This study showed that BIVA outcomes including PhA, height-adjusted R (R/H), and Xc (Xc/H), were related to BMD levels in the whole body, spine, and proximal femur in the elderly population. This provided a new biomarker for BMD using BIVA. To our knowledge, only one study has related PhA as a BMD determinant and no study has related vector shift in the RXc graph with the changes in BMD. In the study by Antunes et al. (18), a significant correlation (p<0.001) exists between PhA and BMD in the total body, femur, femoral neck, and forearm with correlation coefficients of 0.475, 0.524, 0.450, and 0.437, respectively, but no correlation exist in the spine. The cause of the discrepancy remains unclear. This study is consistent with Antunes et al. showing a moderately positive correlation between BMD and PhA.
The phase angle is the most established BIVA parameter. It is considered to be age- and gender-dependent27. When adding body composition parameters as variables, age explained most of the variability in PhA, followed by the fat-free mass (FFM) in healthy subjects28. In a population study, PhA was found to be associated with frailty and mortality, independent of age and comorbidity17,29. Additionally, FFM is positively correlated with BMD with varying strength of the correlation, depending on the sites of BMD30,31. Therefore, it is reasonable to expect that PhA may be correlated with BMD. However, more research is needed to explore whether potential confounding variables such as age, gender, height, and weight can affect the correlational relationship between PhA and BMD in different body regions.
R and Xc are BIVA parameters directly measured from the BIA device. By normalized to body height, R/H and Xc/H can provide a qualitative measure of soft tissue that does not depend on body size20. This study showed that BMD was positively correlated with Xc/H but negatively correlated with R/H. Each unit increased in Xc/H (Ohm/m) was associated with 0.0066 g/cm2 increase in BMDtotal whereas each unit increased in R/H (Ohm/m) was associated with a 0.0016 g/cm2 decrease in BMDtotal. A similar trend was observed for estimating BMD in the spine and proximal femur in this study. This is the first study suggesting that BIVA variables might be predictors for BMD in the elderly population. Interestingly, this trend has also been observed in previous studies where muscle strength was positively correlated with Xc/H and negatively correlated with R/H8,10. Muscle strength is a positive predictor for BMD 32,33, and this might explain why R/H and Xc/H predict both muscle strength and BMD in a similar direction.
In the BIVA plot, a vector has angle as well as magnitude information in the R/H and Xc/H directions. In contrast, a PhA only has the directional component without providing information on its distance. Indeed, vectors of varying length share the same PhA in the RXc graph. Therefore, the vector analysis approach has the potential of presenting more diverse information on biological activity compared to PhA alone. In addition, the BIA device is a reliable tool, providing measurement with a precision error of 2%-3% 34,35. Currently, BIVA has been used to differentiate obesity (higher PhA and short length), athletes (higher PhA, long length), cachexia (lower PhA, long length), and weakens (normal PhA and short length). In this study, higher BMD was associated with a vector of higher PhA and shorter length. This may provide a diagnostic tool for estimating BMD in the elderly population at risk of osteoporosis.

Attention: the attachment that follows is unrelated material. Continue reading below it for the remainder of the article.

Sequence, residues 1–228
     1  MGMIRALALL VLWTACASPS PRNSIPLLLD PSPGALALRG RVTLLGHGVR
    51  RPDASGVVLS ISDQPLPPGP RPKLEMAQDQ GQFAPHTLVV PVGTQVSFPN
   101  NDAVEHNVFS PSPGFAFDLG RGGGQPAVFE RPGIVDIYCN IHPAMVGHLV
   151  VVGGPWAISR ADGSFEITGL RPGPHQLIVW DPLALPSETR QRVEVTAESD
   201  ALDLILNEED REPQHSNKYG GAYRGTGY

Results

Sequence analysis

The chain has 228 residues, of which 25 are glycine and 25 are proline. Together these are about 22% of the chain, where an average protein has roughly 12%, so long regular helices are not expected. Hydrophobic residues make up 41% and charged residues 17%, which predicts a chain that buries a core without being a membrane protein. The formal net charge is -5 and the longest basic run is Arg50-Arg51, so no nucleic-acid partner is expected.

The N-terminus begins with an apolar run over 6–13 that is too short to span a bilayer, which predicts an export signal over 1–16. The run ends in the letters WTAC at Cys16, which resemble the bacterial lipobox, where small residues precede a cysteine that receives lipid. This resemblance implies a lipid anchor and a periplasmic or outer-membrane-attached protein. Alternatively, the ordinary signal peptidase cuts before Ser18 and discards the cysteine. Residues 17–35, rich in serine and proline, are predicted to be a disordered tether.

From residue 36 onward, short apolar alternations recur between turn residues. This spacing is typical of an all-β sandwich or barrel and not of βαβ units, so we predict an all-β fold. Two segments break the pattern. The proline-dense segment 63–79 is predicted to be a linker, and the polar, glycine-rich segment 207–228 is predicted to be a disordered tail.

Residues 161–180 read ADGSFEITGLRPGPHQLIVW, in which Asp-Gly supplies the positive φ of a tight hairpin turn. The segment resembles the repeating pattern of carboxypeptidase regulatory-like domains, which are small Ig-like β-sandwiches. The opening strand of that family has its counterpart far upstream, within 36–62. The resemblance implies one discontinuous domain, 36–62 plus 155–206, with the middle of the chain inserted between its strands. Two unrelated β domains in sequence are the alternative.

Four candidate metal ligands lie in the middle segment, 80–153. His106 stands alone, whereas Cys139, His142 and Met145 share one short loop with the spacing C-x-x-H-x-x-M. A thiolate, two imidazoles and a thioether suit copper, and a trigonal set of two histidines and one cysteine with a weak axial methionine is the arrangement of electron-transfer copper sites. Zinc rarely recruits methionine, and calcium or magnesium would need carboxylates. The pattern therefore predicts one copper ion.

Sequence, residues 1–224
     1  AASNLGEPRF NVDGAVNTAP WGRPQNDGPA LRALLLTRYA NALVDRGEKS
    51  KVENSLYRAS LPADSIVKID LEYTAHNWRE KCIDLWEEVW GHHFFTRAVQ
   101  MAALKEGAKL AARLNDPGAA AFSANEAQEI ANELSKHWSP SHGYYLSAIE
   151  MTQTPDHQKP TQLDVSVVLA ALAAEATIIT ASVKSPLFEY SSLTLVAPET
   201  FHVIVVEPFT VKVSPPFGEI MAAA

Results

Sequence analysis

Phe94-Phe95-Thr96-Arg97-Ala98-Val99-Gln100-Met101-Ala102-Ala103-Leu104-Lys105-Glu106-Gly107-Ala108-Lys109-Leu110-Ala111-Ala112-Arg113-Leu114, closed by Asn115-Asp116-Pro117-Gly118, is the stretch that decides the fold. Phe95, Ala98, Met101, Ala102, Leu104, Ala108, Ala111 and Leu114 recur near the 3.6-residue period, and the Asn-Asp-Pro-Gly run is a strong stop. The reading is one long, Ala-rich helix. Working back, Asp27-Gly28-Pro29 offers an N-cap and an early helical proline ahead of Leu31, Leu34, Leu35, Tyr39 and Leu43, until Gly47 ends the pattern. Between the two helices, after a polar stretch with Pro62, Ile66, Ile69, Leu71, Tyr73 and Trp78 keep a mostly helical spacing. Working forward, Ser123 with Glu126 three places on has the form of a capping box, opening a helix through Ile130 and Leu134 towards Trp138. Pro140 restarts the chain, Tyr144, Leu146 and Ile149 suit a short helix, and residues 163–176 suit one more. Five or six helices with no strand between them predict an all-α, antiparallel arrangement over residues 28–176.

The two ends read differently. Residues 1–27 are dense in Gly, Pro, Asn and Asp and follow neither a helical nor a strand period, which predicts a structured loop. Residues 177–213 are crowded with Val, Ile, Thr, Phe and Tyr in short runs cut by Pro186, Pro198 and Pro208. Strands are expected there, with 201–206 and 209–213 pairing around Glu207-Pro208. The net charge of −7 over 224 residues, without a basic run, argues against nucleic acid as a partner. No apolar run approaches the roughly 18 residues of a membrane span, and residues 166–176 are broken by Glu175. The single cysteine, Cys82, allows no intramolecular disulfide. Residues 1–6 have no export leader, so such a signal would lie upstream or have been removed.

The present study showed that PhA, R/H, and Xc/H estimates were correlated with BMD. A low PhA is associated with osteoporosis, despite age and gender control18,36. BIA device is well-known for personal body fat monitoring at home. However, the current home-use models do not provide BIVA estimates. With the development of home-use BIA devices providing BIVA estimates, a self-screening tool for osteoporosis may be created, aiding in the early diagnosis and treatment of osteoporosis.
This study has several limitations. First, a cause-effect relationship between BMD and height-adjusted R and Xc could not be established. Second, subgroup analysis was not performed due to the small sample size. Third, osteoporosis is a complex disease governed by a wide range of phenotypes regulated by genetic and environmental factors37. However, these factors such as age, gender, ethnicity, family history, physical activity were not included as variables in the regression analysis. Further study is still needed to investigate the impact of these factors on BMD.